Soon enough, we find a scalpel, but it's no use in our backpack, so it's into a barebones tutorial on our inventory, which amounts to 'put it in this slot here'. Simple.

Armed and ready, we need to slice up some zombie workers to find some keys to these gates, and again, attacking is as simple as pressing 'A' and choosing a target. The Nameless One will go about his business, though it's not much to look at, it has to be said.

We're free to explore from here on, though we are still stuck in a mortuary, so finding some doors out would be nice. Finding someone who can help would be a plan too, but some of these folks are a little strange.

Moving on...

Finding a set of stairs we move upstairs, ideally closer to an exit, and encounter a few more of these Dustmen. They're some kind of worker here, with much more grey matter than the zombies and skeletons they employ to do the menial tasks around here.

They might want me - and everyone else - dead, but if they could just answer a few questions for me first, that'd be great.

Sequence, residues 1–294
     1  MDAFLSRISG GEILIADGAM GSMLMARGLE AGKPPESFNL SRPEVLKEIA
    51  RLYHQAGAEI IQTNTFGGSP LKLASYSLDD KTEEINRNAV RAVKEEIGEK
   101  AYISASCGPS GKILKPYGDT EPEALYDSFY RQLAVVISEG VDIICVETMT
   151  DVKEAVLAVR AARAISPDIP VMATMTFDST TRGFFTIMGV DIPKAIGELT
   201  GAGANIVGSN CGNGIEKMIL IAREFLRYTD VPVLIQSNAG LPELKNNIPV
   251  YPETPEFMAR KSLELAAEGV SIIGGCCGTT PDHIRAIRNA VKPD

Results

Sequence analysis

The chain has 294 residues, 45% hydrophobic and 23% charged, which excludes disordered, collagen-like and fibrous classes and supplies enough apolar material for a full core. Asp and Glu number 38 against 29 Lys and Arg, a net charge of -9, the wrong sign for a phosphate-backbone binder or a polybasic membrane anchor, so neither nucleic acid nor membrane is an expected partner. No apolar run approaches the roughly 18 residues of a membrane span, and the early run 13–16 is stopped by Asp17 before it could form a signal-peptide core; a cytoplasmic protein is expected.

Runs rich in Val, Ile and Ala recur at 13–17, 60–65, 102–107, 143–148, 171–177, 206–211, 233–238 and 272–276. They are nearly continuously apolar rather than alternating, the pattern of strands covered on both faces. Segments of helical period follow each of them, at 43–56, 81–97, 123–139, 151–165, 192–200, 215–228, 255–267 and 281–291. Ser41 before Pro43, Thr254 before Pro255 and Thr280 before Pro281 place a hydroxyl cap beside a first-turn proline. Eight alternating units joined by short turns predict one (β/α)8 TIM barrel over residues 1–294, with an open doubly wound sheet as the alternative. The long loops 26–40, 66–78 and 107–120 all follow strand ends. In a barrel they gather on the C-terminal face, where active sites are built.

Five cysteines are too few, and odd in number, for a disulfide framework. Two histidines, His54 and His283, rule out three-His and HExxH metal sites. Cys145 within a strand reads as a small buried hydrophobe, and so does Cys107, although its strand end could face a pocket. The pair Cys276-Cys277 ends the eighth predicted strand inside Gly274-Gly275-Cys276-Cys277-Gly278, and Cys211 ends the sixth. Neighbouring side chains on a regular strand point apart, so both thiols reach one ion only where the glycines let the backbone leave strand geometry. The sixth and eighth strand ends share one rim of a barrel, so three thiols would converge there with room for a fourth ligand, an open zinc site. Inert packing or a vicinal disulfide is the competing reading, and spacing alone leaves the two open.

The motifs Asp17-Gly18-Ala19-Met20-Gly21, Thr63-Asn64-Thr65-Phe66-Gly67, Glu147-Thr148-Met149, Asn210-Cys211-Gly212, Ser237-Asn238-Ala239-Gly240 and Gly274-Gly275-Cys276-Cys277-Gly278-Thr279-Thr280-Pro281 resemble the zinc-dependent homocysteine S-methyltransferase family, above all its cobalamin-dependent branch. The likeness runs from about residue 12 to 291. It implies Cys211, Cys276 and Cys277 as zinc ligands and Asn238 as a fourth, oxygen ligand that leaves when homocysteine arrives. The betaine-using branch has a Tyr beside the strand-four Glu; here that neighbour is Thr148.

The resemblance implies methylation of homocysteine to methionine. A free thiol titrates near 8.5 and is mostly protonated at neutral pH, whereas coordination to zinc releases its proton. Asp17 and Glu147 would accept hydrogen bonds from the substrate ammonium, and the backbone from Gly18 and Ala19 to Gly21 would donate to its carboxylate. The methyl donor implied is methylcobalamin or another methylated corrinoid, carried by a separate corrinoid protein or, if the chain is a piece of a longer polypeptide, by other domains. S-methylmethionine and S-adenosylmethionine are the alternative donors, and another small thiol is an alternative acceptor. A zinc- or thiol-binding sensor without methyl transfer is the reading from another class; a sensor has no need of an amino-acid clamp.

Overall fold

Well, that was unexpected. And yet the dialogue suggests I'm used to that sort of thing, casually snapping peoples necks. I might not be used to lying, but I'm sure I'll practice that over time. We're getting somewhere. I'm hidden in plain sight. I still need a way out, however.

At some point in my clicking, I find a scrap of paper with the beginnings of a sidequest on it. Your journal gets filled in with all sorts of reminders and quest logs as you progress through the game, and especially when you talk to people and discover new things. As far as RPGs go, Planescape: Torment is on the wordy side, but I don't think that's a problem here.

The problem I'm having is one of navigating this dark place. The map screen points out some useful places, like stairs and key rooms, but finding your bearings can be a nuisance. Exploring the world and wafting away the fog of war is a must, as is looking at everything and opening every chest and cupboard and the like, but I've not been doing that at all.